• February 09, 2024

    IAM Local Must Face Secondary Boycott Allegations In Calif.

    An International Association of Machinists local must face allegations that union-represented workers violated federal labor law by blocking a delivery truck from exiting a Mercedes dealership during a strike, with a California federal judge saying the dealership may have a case that the action constituted an illegal secondary boycott.

  • February 09, 2024

    Starbucks Lawfully Fired Pro-Union Backer, NLRB Judge Says

    Starbucks was within its rights to fire a pro-union worker and did not unlawfully interrogate employees or surveil strikers at a Kansas store, a National Labor Relations Board judge ruled, while nevertheless finding the company illegally barred discussions about the union.

  • February 09, 2024

    NY Forecast: 2nd Circ. To Hear Eatery Challenge $5M Verdict

    This week the Second Circuit will consider a request from the operator of New York City restaurants to undo a $5 million judgment against it in a class action brought by tipped workers who claimed they were improperly paid under New York law. Here, Law360 explores this and another major labor and employment case on the docket in New York.

  • February 09, 2024

    Proposed NLRB Remedy Could Blunt Worker Firings

    National Labor Relations Board prosecutors' pursuit of a novel remedy that would let unions pick replacements for unfairly fired workers who decline to be reinstated has some basis in the law, but could pose practical challenges.

  • February 09, 2024

    Airline Customer Service Reps OT Exempt, Ariz. Judge Rules

    Airline employees who do not personally engage in transportation-related activities are exempt from the Fair Labor Standards Act's overtime pay rules, an Arizona federal judge ruled.

  • February 09, 2024

    Rules At GM Parts Plant Were Too Broad, NLRB Judge Says

    A General Motors-owned auto parts manufacturer violated federal labor law by maintaining policies against distraction, wasting time and taking company records off the premises without permission at a Michigan facility, an NLRB judge ruled, saying workers could interpret these policies as hemming in union activity.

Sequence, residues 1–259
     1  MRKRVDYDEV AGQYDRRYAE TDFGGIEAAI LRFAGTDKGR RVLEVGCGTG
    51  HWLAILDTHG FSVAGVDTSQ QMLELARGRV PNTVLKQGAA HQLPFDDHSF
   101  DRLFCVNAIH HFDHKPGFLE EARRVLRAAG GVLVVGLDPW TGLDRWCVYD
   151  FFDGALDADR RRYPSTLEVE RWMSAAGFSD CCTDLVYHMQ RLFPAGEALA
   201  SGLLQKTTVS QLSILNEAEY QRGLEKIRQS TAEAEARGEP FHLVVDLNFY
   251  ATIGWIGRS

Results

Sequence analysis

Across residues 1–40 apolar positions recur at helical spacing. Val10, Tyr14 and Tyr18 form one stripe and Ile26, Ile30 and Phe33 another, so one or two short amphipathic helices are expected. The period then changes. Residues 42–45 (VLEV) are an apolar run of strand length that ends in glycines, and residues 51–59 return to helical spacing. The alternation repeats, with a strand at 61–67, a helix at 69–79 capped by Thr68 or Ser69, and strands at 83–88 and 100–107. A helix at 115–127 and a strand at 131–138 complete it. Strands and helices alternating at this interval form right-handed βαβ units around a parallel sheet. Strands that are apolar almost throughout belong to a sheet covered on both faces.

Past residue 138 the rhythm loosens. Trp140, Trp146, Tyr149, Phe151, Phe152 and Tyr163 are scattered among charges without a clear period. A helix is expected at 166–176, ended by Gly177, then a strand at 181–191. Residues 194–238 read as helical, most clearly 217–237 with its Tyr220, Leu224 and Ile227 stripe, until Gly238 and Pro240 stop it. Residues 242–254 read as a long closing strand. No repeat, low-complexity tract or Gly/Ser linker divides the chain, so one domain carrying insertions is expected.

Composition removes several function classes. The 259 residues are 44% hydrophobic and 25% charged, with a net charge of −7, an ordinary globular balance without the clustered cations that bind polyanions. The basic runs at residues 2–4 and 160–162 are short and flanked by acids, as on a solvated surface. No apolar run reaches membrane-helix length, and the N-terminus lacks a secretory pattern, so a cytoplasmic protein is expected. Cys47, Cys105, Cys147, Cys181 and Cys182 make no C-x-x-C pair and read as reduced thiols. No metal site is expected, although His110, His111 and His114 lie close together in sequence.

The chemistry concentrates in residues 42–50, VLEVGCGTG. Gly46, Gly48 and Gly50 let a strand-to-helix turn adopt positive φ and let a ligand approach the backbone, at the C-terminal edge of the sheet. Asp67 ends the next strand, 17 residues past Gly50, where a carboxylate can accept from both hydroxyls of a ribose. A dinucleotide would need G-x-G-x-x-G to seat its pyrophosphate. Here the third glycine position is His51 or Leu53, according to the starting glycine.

• February 09, 2024

    Calif. Forecast: Nurses' Overtime Issue At 9th Circ.

    In the coming week, attorneys should keep an eye out for Ninth Circuit oral arguments in a consolidated collective action dealing with whether nurses for the City and County of San Francisco are exempt from overtime. Here's a look at that case and other labor and employment matters on deck in California.

  • February 08, 2024

    Mass. Appeals Court Won't Revive State Worker's Wage Suit

    A Massachusetts appeals court affirmed Thursday the dismissal of a complaint by a retired state employee seeking to recoup accrued vacation pay against the Commonwealth, finding her claim is precluded under sovereign immunity and she didn't exhaust the grievance procedures in her bargaining agreement.

  • February 08, 2024

    Trader Joe's Fights Union Vote After Atty's 'Solidarity' Gesture

    Trader Joe's mounted a challenge to an independent union's certification in Kentucky, according to a copy of the request for review obtained by Law360 on Thursday, saying an NLRB official wrongly overruled an objection alleging the union's attorney raised his fist and yelled "solidarity."

  • February 08, 2024

    IBEW Local Can't Escape Ex-Officer's Vacation Payout Suit

    An International Brotherhood of Electrical Workers local must face a former officer's claims that the union illegally refused to pay her out for 28 unused vacation days, with a New Jersey federal judge ruling Thursday that the union's bylaws aren't clear on the union's policy for such payouts.

  • February 08, 2024

    Teamsters Escape Suit Over United Airlines Raise Calculations

    The Teamsters were dismissed from a suit brought by United Airlines workers alleging that the union and airline shorted them on raises, with a California federal judge ruling that the Teamsters reasonably decided not to give workers access to wage data or pursue their grievances related to the dispute.

Expert Analysis

  • The Issues Brewing Around Starbucks Labor Practice Cases

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    Starbucks is faced with fighting off another push for a nationwide injunction against firing any employees that support unionization, and there's a distinct possibility that the company and the National Labor Relations Board could be fighting the same fight over and over in various locations, says Janette Levey at Levey Law.

  • Employer Tips For Fighting Back Against Explosive Verdicts

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    Massive jury verdicts are a product of our time, driven in part by reptile tactics, but employers can build a strategic defense to mitigate the risk of a runaway jury, and develop tools to seek judicial relief in the event of an adverse outcome, say Dawn Solowey and Lynn Kappelman at Seyfarth.